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View Poll Results: Do you take your best gear?
I take my best gear. I want to make the best possible photographs, regardless of the hazzards. 166 63.60%
I leave my best gear at home. I want to know that it will be waiting for me when I get back. 20 7.66%
I only have the best. For me, there is no choice to be made. 41 15.71%
Nothing I own could ever be put in the same sentence with the word "best." 34 13.03%
Voters: 261. You may not vote on this poll

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The Traveller's Dilemma
Old 06-13-2007   #1
Rafael
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The Traveller's Dilemma

How do you choose the photographic gear that you take with you on trips to countries where for meteorological reasons or for reasons of public safety you face the very real possibility that your gear will be damaged, stolen, etc.?

Obviously certain types of choices are made for you. For example, you cannot substitute a 35mm lens for a 21mm. If you need the 21mm focal length on your trip, then you take the lens. If you don't, you leave it at home.

But what about the choice between lenses of the same focal length and speed or cameras with the same VF magnification? Do you take your best gear?
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Old 06-13-2007   #2
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off the top of my head and without any great thought...if it were me i would take my cv kit as it would be cheaper to replace if it were lost and i think it would be less painful to lose than the zi kit.

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Old 06-13-2007   #3
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I take two bodies and figure out the focal lengths I need. If I have more than one choice in a given focal length I generally take the lightest lens for obvious reasons. The value of the equipment doesn't come into it.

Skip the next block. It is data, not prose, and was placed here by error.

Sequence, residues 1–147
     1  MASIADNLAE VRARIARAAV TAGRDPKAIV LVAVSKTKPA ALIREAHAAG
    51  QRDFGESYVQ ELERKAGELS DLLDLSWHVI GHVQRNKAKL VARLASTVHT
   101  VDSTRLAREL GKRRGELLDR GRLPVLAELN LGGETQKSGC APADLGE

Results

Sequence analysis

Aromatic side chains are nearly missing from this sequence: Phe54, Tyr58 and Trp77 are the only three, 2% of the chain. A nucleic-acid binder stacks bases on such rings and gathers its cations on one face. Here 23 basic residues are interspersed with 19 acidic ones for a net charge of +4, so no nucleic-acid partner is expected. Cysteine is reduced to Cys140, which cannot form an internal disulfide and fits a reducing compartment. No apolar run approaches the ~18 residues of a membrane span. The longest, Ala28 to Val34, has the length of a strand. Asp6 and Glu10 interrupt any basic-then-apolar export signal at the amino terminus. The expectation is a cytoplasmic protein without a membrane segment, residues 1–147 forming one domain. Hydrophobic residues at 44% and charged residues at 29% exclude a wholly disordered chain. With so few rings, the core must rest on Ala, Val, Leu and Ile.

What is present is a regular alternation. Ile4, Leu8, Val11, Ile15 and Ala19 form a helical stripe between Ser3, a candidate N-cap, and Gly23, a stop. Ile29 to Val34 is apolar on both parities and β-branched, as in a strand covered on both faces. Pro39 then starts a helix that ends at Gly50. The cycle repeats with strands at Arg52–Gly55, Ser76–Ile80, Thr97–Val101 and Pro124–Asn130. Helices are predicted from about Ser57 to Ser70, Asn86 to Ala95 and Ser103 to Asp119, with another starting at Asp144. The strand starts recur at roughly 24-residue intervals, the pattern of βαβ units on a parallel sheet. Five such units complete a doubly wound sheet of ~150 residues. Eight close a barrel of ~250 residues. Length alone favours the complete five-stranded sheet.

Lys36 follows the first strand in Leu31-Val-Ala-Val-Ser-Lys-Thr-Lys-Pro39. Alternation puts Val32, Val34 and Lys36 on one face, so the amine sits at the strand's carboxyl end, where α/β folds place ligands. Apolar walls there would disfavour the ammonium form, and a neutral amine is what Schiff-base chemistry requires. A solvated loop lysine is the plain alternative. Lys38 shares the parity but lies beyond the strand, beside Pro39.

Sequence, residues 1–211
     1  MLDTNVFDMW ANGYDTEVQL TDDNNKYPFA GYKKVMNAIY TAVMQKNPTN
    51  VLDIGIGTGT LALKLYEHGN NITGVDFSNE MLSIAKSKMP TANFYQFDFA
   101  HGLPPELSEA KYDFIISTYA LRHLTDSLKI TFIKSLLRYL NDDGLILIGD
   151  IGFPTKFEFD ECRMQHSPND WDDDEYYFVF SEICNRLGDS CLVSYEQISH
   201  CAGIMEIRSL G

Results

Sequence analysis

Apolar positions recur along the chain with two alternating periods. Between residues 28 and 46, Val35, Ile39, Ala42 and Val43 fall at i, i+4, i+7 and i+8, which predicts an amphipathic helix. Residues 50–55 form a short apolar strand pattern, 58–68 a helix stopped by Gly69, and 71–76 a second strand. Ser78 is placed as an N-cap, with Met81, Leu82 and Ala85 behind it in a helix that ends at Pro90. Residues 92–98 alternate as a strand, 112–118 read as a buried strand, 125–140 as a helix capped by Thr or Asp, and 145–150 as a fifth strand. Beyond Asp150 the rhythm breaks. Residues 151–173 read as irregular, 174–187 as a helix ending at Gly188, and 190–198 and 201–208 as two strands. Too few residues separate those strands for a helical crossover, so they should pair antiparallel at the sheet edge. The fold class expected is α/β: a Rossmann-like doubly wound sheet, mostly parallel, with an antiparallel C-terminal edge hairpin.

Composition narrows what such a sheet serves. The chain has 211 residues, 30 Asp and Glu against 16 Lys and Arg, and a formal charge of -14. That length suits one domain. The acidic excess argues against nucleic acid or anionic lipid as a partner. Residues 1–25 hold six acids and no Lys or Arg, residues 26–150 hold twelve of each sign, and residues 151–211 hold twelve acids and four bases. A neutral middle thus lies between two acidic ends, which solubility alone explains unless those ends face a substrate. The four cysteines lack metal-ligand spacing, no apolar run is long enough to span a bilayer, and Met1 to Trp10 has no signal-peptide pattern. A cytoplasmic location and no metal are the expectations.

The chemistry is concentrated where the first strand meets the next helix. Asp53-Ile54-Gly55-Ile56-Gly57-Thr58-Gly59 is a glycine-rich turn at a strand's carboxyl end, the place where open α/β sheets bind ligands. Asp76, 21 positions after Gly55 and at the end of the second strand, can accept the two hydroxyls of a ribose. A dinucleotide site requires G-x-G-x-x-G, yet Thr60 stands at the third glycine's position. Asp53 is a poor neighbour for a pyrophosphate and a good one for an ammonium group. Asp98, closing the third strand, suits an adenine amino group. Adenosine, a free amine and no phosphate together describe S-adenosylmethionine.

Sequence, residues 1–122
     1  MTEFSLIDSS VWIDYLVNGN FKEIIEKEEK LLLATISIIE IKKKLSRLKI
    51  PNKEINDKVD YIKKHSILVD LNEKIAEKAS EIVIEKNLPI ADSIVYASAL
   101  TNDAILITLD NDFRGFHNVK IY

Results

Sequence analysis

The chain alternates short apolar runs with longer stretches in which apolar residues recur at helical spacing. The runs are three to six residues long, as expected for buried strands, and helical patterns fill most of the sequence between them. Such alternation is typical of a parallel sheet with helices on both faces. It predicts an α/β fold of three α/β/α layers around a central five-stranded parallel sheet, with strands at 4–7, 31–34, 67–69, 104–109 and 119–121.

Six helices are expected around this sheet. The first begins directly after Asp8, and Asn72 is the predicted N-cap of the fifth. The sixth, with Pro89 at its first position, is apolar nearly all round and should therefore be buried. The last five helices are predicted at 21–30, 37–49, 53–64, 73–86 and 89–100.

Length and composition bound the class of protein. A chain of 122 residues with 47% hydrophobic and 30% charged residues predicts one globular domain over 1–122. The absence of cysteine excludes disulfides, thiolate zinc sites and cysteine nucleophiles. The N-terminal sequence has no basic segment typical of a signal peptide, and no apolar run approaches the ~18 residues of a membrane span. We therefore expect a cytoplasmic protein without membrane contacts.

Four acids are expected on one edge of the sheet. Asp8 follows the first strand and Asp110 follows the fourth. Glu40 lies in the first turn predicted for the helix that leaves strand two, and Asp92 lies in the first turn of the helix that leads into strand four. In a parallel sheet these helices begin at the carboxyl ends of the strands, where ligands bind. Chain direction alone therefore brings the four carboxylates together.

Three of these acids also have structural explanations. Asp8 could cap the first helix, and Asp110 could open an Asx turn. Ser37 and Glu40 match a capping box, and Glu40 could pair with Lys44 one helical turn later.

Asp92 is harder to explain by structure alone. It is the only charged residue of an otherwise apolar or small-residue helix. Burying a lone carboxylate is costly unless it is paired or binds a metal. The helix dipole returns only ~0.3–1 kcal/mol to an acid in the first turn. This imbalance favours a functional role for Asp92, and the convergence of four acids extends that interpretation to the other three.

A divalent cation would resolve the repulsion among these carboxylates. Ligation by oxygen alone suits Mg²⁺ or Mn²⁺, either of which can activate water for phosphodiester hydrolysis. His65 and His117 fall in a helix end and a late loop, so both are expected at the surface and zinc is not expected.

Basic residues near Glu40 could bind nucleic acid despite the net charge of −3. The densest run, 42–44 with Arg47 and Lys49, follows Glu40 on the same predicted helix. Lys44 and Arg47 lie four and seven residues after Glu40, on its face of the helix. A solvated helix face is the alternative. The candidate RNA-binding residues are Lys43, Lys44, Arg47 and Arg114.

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Old 06-13-2007   #4
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Whatever I think will work best/is most suitable. If you have expensive gear then an insurance policy might be a good idea.

Bob
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Old 06-13-2007   #5
Steve Bellayr
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What and where you will photographing should dictate the equipment.
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Old 06-13-2007   #6
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MP + 35lux are with me everyday, if i do a photo trip, in addition, will take m7ii/43/80/150, and a lot of films.

if you worry about losing stuff, you better stay home.
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Old 06-13-2007   #7
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I take what I want to shoot with, but at the same time I wouldn't like risking something that was hard to replace, a collector item...
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Old 06-13-2007   #8
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for the past year or more i have only had a bessa r and a 35mm skopar that i take with me when i travel (and a digital p&s), if it breaks im f'ed. i might get another r + skopar while they can still be had for backup but i would rather spend the money on something else.
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Old 06-13-2007   #9
blakley
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I bought a banged-up M6 for this exact purpose, and I've painted almost everything on it black. I put an old 35 or 50 lens on it & don't worry too much.
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Old 06-13-2007   #10